Tag Archives: Early Modern

Reading Group: Interpreting Literature, Law, and Constitution (I)

Tuesday 6 October, 12:30-2 pm
Old Seminar Room, 71 South Street, School of History

The first CMEMLL Reading Group and the first meeting of the Institute of Legal And Constitutional Research will take place next Tuesday lunchtime (6th October). We’ll meet in the Old Seminar Room on the first floor of 71 South Street at 12.30pm for a sandwich lunch, with the Reading Group on ‘Interpreting Literature, Law, and Constitution (I)’ starting soon after 1pm and finishing in time for people to teach at 2pm.

The Reading Group will involve an introduction by John Hudson and Lorna Hutson followed by discussion on the theme of ‘Literature, Law and Constitution’.

The background reading is Chapter 1 of Christopher Warren, Literature and the Law of Nations, 1580-1680 (Oxford: OUP, 2015), available at:


We look forward to seeing you there.


Reading Group: Early Career and Postgraduate Research

Cory Hitt, Julianne Mentzer, Sarah White

Tuesday 27 January, 2015, 1-2 pm
Garden Seminar Room, Kennedy Hall, School of English 

Cory Hitt, Julianne Mentzer, and Sarah White will each give a 5-minute presentation on their current research, which will be followed by questions and group discussion.

Cory Hitt graduated with a degree in English from the College of William & Mary in 2011. After working for two years in the aerospace and defines industry as a lobbying assistant, she came to the University of St Andrews on a Marie Curie fellowship with PIMIC (Power & Institutions in Medieval Islam & Christendom), an EU-funded International Training Network. She is in the second year of her PhD, currently working on developing models of transmission of honour codes and legal expertise within the context of Icelandic and Anglo-Norman literature under the supervision of John Hudson.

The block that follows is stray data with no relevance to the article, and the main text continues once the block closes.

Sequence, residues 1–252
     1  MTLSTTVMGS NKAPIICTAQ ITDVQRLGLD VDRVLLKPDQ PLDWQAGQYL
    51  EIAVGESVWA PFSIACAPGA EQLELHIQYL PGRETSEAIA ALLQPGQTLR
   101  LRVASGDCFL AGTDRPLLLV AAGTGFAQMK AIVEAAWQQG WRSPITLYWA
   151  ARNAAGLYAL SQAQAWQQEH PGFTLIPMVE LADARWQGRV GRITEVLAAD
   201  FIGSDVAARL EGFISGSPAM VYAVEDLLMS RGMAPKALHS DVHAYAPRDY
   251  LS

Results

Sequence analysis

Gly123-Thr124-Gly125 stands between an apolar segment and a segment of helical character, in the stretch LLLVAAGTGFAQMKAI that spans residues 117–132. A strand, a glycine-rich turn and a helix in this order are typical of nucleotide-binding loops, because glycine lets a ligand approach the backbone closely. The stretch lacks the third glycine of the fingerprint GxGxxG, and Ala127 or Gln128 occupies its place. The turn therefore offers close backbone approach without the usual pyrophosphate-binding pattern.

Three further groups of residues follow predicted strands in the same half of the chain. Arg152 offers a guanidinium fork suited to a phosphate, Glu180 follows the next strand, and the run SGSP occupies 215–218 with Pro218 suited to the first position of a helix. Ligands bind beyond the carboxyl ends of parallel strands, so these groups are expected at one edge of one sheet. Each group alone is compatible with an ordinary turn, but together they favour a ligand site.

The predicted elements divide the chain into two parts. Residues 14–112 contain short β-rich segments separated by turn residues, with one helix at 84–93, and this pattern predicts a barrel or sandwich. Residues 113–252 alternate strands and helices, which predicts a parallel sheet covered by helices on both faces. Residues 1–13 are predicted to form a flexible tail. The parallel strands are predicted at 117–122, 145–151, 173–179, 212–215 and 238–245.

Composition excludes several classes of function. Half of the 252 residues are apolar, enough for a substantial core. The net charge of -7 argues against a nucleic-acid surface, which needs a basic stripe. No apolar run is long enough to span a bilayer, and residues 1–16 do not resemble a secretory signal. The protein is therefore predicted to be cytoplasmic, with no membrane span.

Julianne Mentzer received her BA (Hons) in English and Philosophy, and an MA (Hons) in Literary and Cultural Studies from Carnegie Mellon University.  She then relocated to Scotland, and completed her MLitt in Renaissance Studies from the University of Strathclyde.  She is now a Ph.D. candidate in the School of English, supervised by Lorna Hutson, and her thesis will explore the rhetoric of friendship and the role of flattery in early modern homosocial relationships.

Sarah White received her BA (Hons) in Medieval Studies from the University of Victoria, and her MA (Hons) in the same field from the University of Toronto.  She is now a Ph.D. candidate in Medieval History, supervised by John Hudson.  She is interested in legal arguments and equity in Church courts in England in the twelfth and thirteenth centuries, and her thesis is provisionally entitled ‘Process and Procedure in the thirteenth-century Court of Canterbury’.


Research Lecture: Professor Bradin Cormack (Princeton University)

‘In the Time of Example: Case Thinking in Shakespearean Drama’

Thursday 15 May, 2014, 3.15 pm
Garden Seminar Room, Kennedy Hall, School of English

Bradin Cormack, Professor of English at Princeton University and Corresponding Professor of CMEMLL, will give a paper entitled ‘In the time of example: case thinking in Shakespearean Drama.’

As Professor Cormack explains: